The patients with comorbid borderline personality disorder and major depressive episode demonstrated the combined pathologies of both disorders; they reported the greatest severity of self-rated depression (as assessed by using the Beck Depression Inventory) and hopelessness. Comorbidity of major depressive episode and axis II personality disorders (including borderline personality disorder) is associated with increased scores on measures of hopelessness and subjective depression (Beck Depression Inventory) compared to scores for patients with major depressive episode only (12). Comorbidity with major depressive episode may increase the subjective symptom distress of patients with borderline personality disorder and thus increase the risk of suicide.
Our data do not support the common clinical view that the suicidal behaviors of patients with borderline personality disorder differ markedly from those of patients with major depressive episode. In this study, the patients with borderline personality disorder differed from the depressed patients in having an earlier onset of suicidal behavior, consistent with the natural history of the disorder, and a higher lifetime number of attempts. However, the two groups did not differ in specific characteristics of their attempts, such as the level of subjective intent to die, degree of objective planning, violence of the method, or degree of medical damage. Thus, the suicidal behaviors of inpatients with borderline personality disorder can be considered neither more nor less "serious" than the attempts of inpatients with major depressive episode.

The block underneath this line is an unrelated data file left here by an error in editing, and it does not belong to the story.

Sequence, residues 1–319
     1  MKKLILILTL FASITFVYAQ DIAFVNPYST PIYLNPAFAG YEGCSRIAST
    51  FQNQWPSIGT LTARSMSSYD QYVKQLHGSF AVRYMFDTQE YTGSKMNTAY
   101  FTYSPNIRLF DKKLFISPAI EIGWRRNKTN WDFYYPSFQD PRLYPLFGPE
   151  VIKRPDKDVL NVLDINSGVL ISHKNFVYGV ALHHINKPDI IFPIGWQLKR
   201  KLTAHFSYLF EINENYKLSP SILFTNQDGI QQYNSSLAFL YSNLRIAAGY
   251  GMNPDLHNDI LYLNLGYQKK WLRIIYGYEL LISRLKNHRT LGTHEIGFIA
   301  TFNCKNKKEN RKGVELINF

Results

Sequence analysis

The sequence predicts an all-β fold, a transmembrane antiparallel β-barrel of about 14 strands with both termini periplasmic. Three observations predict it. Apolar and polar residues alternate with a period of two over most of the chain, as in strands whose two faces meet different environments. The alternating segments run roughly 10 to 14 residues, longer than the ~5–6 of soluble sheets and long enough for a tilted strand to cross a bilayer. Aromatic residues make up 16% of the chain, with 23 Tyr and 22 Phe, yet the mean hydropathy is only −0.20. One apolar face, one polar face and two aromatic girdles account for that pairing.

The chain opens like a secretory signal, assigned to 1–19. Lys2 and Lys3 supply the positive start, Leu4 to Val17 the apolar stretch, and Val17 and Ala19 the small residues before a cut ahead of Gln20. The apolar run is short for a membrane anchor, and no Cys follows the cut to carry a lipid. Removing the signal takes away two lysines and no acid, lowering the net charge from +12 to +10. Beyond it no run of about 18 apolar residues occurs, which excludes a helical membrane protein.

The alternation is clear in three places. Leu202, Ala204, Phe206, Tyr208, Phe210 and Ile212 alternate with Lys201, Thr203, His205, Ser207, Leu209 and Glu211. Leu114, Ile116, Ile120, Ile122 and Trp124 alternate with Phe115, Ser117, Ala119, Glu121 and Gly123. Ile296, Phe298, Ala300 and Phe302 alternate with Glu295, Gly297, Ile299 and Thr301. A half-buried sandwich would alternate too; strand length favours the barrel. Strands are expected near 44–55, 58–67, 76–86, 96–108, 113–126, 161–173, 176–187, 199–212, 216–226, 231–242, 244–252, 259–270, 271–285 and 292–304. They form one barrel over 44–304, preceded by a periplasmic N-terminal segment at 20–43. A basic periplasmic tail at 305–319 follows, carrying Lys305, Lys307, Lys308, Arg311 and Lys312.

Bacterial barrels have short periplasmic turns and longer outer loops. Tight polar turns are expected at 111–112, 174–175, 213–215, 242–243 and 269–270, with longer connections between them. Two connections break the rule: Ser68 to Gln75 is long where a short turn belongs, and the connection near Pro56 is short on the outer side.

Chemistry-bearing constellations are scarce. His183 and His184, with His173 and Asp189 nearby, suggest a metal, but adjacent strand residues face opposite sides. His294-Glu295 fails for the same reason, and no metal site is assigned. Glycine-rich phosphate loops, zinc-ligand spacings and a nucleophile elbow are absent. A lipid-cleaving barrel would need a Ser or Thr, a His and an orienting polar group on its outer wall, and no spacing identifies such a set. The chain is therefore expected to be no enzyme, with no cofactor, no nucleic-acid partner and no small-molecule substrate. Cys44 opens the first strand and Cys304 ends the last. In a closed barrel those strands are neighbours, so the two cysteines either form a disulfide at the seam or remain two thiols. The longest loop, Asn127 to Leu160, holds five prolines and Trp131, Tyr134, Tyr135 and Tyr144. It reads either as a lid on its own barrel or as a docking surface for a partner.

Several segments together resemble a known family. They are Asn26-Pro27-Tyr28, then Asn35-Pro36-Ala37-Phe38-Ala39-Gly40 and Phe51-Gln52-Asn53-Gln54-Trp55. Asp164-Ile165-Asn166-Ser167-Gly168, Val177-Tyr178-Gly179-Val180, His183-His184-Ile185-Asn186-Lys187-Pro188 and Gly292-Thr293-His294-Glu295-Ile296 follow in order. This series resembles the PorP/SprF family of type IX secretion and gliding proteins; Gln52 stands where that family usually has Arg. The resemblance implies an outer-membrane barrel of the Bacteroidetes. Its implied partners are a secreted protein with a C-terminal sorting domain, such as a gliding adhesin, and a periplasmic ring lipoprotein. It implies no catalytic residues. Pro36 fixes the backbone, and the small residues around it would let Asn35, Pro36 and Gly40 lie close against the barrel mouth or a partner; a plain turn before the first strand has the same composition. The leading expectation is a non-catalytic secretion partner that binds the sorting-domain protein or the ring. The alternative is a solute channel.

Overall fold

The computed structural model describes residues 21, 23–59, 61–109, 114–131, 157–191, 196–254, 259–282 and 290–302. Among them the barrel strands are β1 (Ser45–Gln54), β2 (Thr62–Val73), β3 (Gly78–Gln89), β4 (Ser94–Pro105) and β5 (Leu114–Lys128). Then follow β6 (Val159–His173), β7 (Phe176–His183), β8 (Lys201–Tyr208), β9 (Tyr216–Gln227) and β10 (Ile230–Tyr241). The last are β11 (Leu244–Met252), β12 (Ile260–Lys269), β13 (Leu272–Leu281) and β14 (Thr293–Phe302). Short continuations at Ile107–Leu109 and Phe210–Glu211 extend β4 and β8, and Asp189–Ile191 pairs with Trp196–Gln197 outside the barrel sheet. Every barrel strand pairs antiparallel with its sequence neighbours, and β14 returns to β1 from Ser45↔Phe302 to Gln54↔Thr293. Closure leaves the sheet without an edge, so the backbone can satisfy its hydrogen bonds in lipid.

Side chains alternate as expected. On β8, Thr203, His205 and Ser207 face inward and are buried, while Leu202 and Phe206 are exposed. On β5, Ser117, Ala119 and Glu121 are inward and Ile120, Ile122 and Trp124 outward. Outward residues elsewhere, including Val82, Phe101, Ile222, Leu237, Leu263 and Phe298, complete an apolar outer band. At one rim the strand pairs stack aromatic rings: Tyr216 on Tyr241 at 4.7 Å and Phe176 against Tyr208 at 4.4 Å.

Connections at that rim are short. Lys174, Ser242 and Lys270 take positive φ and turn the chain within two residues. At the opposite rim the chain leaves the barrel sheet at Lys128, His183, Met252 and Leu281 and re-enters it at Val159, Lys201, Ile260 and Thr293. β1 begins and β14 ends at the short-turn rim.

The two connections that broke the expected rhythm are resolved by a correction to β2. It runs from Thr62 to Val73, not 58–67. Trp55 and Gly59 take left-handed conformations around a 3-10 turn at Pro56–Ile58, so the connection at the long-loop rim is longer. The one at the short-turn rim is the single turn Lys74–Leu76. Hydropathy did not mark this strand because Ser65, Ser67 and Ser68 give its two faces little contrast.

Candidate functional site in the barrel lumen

Comorbidity of borderline personality disorder and major depressive episode was associated with an increased number of suicide attempts. Previous studies have also noted increased seriousness of attempts in patients with these comorbid disorders, but the studies did not address the specific characteristics of attempts that might contribute to the increased lethality (9–12). In our study, comorbidity was associated with increased objective planning. In previous studies of inpatients with mixed affective diagnoses who attempted suicide, objective planning was correlated with lethal intent, suicidal ideation, and medical damage for the index attempt, and was a predictor of severity of medical damage (19). Patients who have completed suicide have higher scores on measures of objective planning than patients who have attempted suicide (18). Although objective planning seems inconsistent with the impulsivity of patients with borderline personality disorder, the two characteristics are not mutually exclusive. For example, one may act on sudden impulse to complete a long planned suicide. The chronicity of suicidal ideation in patients with borderline personality disorder is consistent with this view (29–31).
A history of prior attempts is among the strongest predictors of future attempts and suicide completion among patients with major depressive episode who attempt suicide (32), and of current attempts (1), seriousness of intent, and degree of medical lethality among patients with borderline personality disorder who attempt suicide (13). Comorbidity of these disorders is associated with both increased symptom severity and specific attempt characteristics that may place the depressed patient with borderline personality disorder at greater risk for future suicidal behavior and completion, compared to nondepressed patients with borderline personality disorder or depressed patients without borderline personality disorder.
Predictors of Suicidal Behaviors